Today’s reading assignment, from Edward Jay Epstein, writing in The Wall Street Journal. He expounds on points we made in a previous post, examining the “assistance” given to Edward Snowden in exposing the NSA’s enhanced surveillance efforts:
In March 2013, when Edward Snowden sought a job with Booz Allen Hamilton at a National Security Agency facility in Hawaii, he signed the requisite classified-information agreements and would have been made well aware of the law regarding communications intelligence.
Mr. Snowden took that position so he could arrange to have published classified communications intelligence, as he told the South China Morning Post earlier this month. The point of Mr. Snowden’s penetration was to get classified data from the NSA. He subsequently stated: “My position with Booz Allen Hamilton granted me access to lists of machines all over the world the NSA hacked, that is why I accepted that position.”
Before taking the job in Hawaii, Mr. Snowden was in contact with people who would later help arrange the publication of the material he purloined. Two of these individuals, filmmaker Laura Poitras and Guardian blogger Glenn Greenwald, were on the Board of the Freedom of the Press Foundation that, among other things, funds WikiLeaks.
In January 2013, according to the Washington Post, Mr. Snowden requested that Ms. Poitras get an encryption key for Skype so that they could have a secure channel over which to communicate.
In February, he made a similar request to Mr. Greenwald, providing him with a step-by-step video on how to set up encrypted communications.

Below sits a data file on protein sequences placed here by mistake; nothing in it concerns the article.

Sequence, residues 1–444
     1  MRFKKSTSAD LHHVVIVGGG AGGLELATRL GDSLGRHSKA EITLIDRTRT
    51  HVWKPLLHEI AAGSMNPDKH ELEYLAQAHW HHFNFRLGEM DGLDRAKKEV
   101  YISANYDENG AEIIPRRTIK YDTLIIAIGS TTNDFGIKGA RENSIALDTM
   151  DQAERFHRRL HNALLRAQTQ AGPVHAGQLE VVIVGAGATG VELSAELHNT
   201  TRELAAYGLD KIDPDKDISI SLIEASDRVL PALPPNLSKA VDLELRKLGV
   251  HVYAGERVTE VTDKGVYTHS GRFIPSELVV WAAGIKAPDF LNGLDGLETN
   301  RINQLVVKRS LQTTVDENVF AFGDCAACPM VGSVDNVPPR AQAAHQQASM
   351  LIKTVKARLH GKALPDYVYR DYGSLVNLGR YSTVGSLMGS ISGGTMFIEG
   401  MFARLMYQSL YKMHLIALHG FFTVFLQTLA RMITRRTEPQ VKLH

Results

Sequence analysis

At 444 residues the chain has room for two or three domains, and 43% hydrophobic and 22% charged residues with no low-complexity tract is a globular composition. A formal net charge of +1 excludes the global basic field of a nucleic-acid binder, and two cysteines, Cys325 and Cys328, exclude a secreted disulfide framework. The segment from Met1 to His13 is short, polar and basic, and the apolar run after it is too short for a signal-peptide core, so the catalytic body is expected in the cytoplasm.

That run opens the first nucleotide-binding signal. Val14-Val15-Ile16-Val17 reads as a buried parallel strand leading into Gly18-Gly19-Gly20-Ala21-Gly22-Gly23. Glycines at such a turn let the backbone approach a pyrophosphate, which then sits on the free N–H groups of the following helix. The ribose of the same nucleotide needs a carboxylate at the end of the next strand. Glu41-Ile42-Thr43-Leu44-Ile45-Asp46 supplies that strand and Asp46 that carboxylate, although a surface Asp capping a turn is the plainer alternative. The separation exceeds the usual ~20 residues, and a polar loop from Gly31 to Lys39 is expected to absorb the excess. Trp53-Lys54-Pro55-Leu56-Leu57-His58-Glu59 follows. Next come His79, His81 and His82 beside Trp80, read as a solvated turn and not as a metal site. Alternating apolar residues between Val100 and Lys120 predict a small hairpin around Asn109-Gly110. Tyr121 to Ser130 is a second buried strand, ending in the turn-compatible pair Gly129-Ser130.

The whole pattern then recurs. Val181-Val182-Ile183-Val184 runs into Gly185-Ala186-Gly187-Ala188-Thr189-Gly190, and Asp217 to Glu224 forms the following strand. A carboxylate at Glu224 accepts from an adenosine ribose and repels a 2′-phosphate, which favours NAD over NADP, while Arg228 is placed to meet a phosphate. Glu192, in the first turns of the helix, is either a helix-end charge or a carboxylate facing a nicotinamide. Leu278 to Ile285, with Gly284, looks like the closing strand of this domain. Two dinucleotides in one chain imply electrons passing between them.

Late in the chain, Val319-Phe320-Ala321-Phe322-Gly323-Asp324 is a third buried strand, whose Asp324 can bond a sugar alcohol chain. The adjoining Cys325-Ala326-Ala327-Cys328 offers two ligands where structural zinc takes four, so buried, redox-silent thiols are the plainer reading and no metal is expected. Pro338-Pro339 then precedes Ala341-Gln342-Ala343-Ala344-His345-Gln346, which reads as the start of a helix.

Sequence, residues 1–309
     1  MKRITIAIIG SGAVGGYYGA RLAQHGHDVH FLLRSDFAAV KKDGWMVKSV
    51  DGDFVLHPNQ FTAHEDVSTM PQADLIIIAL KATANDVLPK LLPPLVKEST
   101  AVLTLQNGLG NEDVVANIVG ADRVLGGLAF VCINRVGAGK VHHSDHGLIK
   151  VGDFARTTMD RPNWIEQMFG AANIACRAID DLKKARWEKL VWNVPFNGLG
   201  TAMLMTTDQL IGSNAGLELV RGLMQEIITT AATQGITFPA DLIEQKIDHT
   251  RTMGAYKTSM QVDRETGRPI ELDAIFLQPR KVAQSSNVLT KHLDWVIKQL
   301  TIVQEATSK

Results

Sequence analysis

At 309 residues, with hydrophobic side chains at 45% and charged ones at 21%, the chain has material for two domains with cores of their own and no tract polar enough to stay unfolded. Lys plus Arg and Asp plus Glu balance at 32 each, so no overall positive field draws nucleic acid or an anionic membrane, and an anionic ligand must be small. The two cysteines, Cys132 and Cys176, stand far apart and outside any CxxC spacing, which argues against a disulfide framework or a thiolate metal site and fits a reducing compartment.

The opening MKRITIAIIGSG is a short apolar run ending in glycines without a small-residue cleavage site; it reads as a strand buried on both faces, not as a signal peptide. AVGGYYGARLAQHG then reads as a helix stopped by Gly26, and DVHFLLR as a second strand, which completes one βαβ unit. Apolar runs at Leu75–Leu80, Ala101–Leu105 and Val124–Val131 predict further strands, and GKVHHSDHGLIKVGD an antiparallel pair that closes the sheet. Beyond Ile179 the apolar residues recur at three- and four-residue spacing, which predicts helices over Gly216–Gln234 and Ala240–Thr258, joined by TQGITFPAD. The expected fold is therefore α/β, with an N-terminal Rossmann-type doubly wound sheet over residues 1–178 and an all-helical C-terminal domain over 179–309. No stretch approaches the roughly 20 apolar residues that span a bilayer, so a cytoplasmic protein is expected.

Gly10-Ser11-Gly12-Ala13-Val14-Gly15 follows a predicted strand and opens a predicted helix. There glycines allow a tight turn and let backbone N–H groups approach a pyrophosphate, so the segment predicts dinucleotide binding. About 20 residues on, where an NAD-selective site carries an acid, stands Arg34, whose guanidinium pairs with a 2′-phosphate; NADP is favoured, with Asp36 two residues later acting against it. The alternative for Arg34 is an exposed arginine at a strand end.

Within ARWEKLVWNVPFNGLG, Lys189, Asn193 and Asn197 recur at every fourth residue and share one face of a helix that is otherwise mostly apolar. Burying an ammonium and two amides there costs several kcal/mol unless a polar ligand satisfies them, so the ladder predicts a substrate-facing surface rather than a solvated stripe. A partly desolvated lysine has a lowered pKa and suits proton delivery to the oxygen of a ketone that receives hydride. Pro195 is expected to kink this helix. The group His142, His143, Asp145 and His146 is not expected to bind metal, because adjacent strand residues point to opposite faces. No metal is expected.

So, before Mr. Snowden proceeded with his NSA penetration in March 2013 through his Booz Allen Hamilton job, he had assistance, either wittingly or unwittingly, in arranging the secure channel of encrypted communications that he would use to facilitate the publication of classified communications intelligence.
On May 20, three months into his job, Mr. Snowden falsely claimed to his employer that he needed treatment for epilepsy. The purpose of the cover story was to conceal his trip to Hong Kong, where the operation to steal U.S. secrets would be brought to fruition.
As Mr. Epstein observes, Snowden’s flight to Hong Kong was anything but a spur-of-the-moment decision. We’re guessing that the self-styled “whistle-blower” could afford the airfare on his $10,000 monthly salary from Booz, Allen Hamilton. But coordinating–and paying for–the other elements in his “expose” is a completely different matter. Hong Kong is a pricey destination, and we’re guessing he didn’t stay in the local equivalent of Motel 6. There’s also the matter of the safe house where he spent part of his stay; retainers for his Hong Kong legal team and of course, the private jet flight that eventually took him to Moscow.
It’s a plan with a lot of moving parts, and not something that was orchestrated solely by Mr. Snowden. Obviously, Greenwald and Poitras were major players (along with the WikiLeaks organization), but even those individuals (and Julian Assange’s outfit) don’t have the resources to pull of this sort of caper without a little extra help. That might have come from Chinese and Russian intelligence organizations, which may have accessed Snowden’s electronic library of state secrets during his stay in Hong Kong and more recently, Moscow.